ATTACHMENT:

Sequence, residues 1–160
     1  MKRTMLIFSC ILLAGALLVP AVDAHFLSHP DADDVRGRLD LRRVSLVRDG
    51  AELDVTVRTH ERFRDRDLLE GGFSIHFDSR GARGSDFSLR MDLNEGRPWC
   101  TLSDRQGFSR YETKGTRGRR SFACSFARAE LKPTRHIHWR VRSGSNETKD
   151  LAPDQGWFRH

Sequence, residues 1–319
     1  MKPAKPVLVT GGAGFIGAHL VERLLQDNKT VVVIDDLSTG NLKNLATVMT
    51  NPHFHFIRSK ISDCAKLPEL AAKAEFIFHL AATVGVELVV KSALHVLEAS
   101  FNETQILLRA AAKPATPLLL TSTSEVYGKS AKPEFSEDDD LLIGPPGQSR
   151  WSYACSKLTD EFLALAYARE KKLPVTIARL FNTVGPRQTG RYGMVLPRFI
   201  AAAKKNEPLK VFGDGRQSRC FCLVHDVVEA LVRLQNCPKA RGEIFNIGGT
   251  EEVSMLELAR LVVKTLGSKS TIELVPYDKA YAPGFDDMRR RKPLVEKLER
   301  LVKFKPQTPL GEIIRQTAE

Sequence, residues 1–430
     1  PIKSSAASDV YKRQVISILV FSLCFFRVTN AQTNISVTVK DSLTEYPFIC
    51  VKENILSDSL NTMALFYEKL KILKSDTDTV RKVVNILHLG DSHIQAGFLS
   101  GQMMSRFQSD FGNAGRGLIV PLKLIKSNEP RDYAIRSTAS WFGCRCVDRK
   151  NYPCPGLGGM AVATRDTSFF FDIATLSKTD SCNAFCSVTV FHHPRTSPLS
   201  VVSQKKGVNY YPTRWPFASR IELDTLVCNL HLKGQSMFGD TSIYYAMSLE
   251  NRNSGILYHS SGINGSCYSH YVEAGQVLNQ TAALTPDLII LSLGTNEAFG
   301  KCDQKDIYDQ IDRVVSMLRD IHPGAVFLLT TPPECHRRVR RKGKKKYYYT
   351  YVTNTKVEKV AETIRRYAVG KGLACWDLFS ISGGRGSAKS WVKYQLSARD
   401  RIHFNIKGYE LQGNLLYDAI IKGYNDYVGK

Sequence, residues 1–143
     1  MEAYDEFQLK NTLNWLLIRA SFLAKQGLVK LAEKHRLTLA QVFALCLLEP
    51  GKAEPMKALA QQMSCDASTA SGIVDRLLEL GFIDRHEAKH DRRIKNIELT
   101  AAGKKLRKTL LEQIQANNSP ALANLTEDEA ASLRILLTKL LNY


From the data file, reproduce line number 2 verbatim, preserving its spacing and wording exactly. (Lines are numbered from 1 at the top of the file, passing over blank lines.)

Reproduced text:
     1  MKRTMLIFSC ILLAGALLVP AVDAHFLSHP DADDVRGRLD LRRVSLVRDG